It is...the burden of the Church's preaching to proclaim the cross of Christ as the sign of God's all-embracing love and as the fountain from which every grace flows.

The Church reproves, as foreign to the mind of Christ, any discrimination against men or harassment of them because of their race, color, condition of life, or religion.

More recently, Pope Francis said in Evangelii Gaudium 252-3.

The sacred writings of Islam have retained some Christian teachings; Jesus and Mary receive profound veneration and it is admirable to see how Muslims both young and old, men and women, make time for daily prayer and faithfully take part in religious services. Many of them also have a deep conviction that their life, in its entirety, is from God and for God. They also acknowledge the need to respond to God with an ethical commitment and with mercy towards those most in need.


Your question is rather broad, but I think I have covered the most important points, with authoritative sources.

6

The Catholic Church considers its origins to be diabolical and classifies it as a form of paganism.

Pope Eugene IV, Council of Basel, Session 19, Sept. 7, 1434: “Moreover, we trust that with God’s help another benefit will accrue to the Christian commonwealth; because from this union, once it is established, there is hope that very many from the abominable sect of Mahomet will be converted to the Catholic faith.”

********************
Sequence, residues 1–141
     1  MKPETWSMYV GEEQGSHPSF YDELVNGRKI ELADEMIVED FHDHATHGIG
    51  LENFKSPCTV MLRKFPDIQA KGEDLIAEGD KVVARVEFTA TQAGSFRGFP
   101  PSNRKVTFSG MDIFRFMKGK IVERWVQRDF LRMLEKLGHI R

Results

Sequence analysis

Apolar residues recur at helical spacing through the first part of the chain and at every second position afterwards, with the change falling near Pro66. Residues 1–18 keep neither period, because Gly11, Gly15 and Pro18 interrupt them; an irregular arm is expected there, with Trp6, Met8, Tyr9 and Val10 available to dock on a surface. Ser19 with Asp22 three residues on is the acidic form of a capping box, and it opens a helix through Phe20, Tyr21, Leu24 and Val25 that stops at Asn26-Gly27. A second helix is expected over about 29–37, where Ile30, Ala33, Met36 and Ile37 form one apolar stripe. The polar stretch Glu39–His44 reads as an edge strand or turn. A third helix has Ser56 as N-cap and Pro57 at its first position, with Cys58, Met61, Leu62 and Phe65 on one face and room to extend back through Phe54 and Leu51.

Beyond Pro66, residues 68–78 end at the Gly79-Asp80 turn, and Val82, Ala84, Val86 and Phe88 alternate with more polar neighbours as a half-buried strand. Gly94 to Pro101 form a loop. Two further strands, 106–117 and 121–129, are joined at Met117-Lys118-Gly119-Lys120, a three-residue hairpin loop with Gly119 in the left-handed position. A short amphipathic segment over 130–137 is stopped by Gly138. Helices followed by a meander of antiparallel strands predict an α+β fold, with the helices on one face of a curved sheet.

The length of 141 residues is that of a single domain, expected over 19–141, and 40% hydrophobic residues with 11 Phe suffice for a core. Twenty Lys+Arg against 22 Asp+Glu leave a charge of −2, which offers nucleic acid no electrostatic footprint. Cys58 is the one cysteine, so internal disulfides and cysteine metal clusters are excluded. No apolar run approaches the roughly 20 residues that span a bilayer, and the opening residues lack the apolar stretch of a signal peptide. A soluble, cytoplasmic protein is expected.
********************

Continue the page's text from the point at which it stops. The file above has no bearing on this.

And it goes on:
Pope Clement V, Council of Vienne, 1311-1312:

“It is an insult to the holy name and a disgrace to the Christian faith that in certain parts of the world subject to Christian princes where Saracens (i.e., The followers of Islam, also called Muslims) live, sometimes apart, sometimes intermingled with Christians, the Saracen priests, commonly called Zabazala, in their temples or mosques, in which the Saracens meet to adore the infidel Mahomet, loudly invoke and extol his name each day at certain hours from a high place… This brings disrepute on our faith and gives great scandal to the faithful. These practices cannot be tolerated without displeasing the divine majesty. We therefore, with the sacred council’s approval, strictly forbid such practices henceforth in Christian lands. We enjoin on Catholic princes, one and all.. They are to forbid expressly the public invocation of the sacrilegious name of Mahomet… Those who presume to act otherwise are to be so chastised by the princes for their irreverence, that others may be deterred from such boldness.”

St. Thomas Aquinas, Summa Theologica, Pt. II, Q. 12, A. 1, Obj. 2:

“… if anyone were to… worship at the tomb of Mahomet, he would be deemed an apostate.”

St. Alphonsus, The History of Heresies & Their Refutation, Chap. 7, Article I, On Mahometanism (Islam):